Seizing one of his last chances to shape the body that will pick his successor, Pope John Paul II on Sunday named 37 new cardinals--an unusually high number--including three from the United States and one from the former Soviet Union.
The new "princes of the church" will expand the College of Cardinals, the elite body that advises popes, to an all-time high of 178 members. They will include a record 128 cardinal-electors--those who are under age 80 and thus eligible to meet in secret when the time comes to choose a new pontiff.
John Paul, now in his 23rd year as leader of the Roman Catholic Church, has named 118 of those electors--men who share his conservative views on Catholic doctrine.
And because for centuries only cardinals have become popes, it is likely that he has already promoted his own successor--this time or in one of his seven earlier consistories, the formal name for the creation of new cardinals.
The 80-year-old pope, enfeebled for years by symptoms of Parkinson's disease, read Sunday's announcement in a weak voice from the window of his study overlooking St. Peter's Square. He tried to dampen speculation that his death or retirement is near.
After listing appointees from five continents who "reflect the universality of the church," he remarked wistfully that other prelates "who are dear to me" deserve the rank of cardinal and said he hoped to elevate them on a future occasion.
But that opportunity, Vatican watchers say, might not come for two or three more years. The extraordinary number of appointments Sunday, they suggested, looked like a farewell bestowal of coveted jobs by a patron unsure of his longevity--and a way to guarantee a full house of like-minded electors when he's gone.
"He realizes time is running out," said Father Thomas J. Reese, editor of the Jesuit magazine America. "But the big thing is that there's so many people he wanted to make cardinals and he didn't want to hurt anyone's feelings."
The pope last appointed cardinals three years ago and had been working for months on a new list, as old age and death steadily diminished the number of cardinal-electors to 95--well below the limit of 120 set in 1970 by Pope Paul VI.
John Paul acknowledged Sunday that his new batch will put the number of cardinal-electors eight over the limit but offered no justification for the breach. Lacking enough slots for the men he wanted to elevate, he simply opened up more.
Of the 37 new cardinals, 18 are from Europe, three from the United States, 10 from Latin America, two from Africa and four from Asia. They are to assume their new rank--and receive their distinctive red hats and sashes--at a Feb. 21 ceremony here in St. Peter's Basilica.
The new American cardinals will include Edward Egan, 68, and Theodore E. McCarrick, 70, both elevated because of their recent appointments as archbishops, respectively, of New York and Washington, D.C.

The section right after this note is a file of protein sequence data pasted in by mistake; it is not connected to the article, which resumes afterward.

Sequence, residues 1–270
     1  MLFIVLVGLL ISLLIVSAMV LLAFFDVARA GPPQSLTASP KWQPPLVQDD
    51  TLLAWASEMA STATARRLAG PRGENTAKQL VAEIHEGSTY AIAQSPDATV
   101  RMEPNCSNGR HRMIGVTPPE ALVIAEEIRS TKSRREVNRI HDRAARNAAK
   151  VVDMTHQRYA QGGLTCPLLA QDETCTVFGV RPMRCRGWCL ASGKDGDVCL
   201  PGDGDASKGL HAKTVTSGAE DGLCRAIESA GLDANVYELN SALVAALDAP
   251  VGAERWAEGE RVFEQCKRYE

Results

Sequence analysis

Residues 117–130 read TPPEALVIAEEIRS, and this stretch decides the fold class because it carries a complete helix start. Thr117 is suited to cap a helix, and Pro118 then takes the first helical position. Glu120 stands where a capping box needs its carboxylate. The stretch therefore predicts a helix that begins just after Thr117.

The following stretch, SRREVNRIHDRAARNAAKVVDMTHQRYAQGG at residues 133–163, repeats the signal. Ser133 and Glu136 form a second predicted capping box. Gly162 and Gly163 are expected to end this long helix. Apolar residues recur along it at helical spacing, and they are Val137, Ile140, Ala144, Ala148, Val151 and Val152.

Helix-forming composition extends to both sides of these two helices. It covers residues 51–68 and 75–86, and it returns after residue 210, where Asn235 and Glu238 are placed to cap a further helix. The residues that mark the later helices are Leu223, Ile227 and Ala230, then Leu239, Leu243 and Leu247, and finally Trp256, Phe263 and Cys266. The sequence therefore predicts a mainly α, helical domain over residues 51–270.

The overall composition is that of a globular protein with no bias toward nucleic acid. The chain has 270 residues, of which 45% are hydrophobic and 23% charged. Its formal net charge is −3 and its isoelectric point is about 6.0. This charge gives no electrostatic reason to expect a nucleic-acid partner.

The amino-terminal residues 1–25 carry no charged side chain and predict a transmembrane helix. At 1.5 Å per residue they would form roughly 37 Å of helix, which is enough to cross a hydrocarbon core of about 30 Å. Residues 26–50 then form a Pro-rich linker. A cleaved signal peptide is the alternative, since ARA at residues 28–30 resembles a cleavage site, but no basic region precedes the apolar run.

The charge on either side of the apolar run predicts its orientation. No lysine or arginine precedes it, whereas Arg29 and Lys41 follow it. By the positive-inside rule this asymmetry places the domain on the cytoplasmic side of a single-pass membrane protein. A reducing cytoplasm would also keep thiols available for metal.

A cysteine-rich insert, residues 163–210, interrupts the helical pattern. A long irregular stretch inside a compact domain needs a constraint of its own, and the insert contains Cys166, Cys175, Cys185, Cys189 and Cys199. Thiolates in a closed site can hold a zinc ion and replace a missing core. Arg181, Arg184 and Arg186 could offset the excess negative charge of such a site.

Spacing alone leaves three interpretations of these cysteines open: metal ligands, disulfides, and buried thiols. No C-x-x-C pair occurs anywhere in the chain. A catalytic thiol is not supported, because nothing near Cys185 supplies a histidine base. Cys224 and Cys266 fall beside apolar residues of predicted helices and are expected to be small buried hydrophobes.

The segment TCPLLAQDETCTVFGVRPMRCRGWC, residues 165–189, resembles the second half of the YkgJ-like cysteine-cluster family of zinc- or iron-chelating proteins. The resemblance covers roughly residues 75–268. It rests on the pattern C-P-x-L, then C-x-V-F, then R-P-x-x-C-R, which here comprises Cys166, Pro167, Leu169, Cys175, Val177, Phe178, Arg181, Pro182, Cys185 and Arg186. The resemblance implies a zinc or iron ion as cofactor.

Archbishops or patriarchs in 20 European, Latin American, African and Asian cities--most of them traditionally entitled to become cardinals--also were elevated, as were 12 men who head departments in the Vatican bureaucracy, or Curia.
Audrys Juozas Backis, 63, a French-schooled Lithuanian exile who returned to his country as archbishop of Vilnius when Communist rule collapsed there in 1991, became the first prelate serving in the former Soviet Union to be named a cardinal.
Four of the appointees are over 80, including Stephanos II Ghattas, patriarch of Alexandria and leader of the 200,000 Catholic Copts in Egypt.
Father Avery Dulles, 82, of Fordham University in New York, became the first American appointed cardinal on the strength of theological work alone. The Jesuit scholar and son of President Eisenhower's secretary of State, John Foster Dulles, was honored for his staunch defense of John Paul against liberal critics in his field.
Since his election in 1978, John Paul has used consistories to impose his conservative stamp on the church's upper ranks. The pope's elevation Sunday of Desmond Connell, the 74-year-old archbishop of Dublin, Ireland, was viewed by some here as a slight to Connell's more liberal counterpart in Armagh, Sean Brady, who was passed over.
The most powerful Vatican official to be elevated was Giovanni Battista Re, 66, a career diplomat who last autumn was put in charge of the office that selects bishops. As a cardinal, he will become a key figure in the quiet jockeying already underway to identify potential successors to John Paul.
Two other Italians were rewarded for assisting in papal achievements. Cresenzio Sepe, 57, managed the Vatican's just-ended Holy Year, which drew nearly 25 million pilgrims to Rome. Father Roberto Tucci, 79, who heads Vatican Radio, has been the pope's globe-trotting advance man on foreign trips for nearly two decades.
John Paul has used appointments to the Curia and College of Cardinals, as well as his 92 foreign trips, to broaden the Vatican's influence beyond Europe.
But the new appointments slightly bolstered Europe's predominance in the church hierarchy. Europeans will constitute 61 of the 128 cardinal-electors.
Italians, with 24 cardinal-electors, will remain the largest single nationality--an asset in their openly expressed aspiration to reclaim the papacy after John Paul, the first non-Italian pope in more than four centuries.
Latin America, home to half the world's 1 billion Roman Catholics, will have 27 cardinals. The United States will have 11.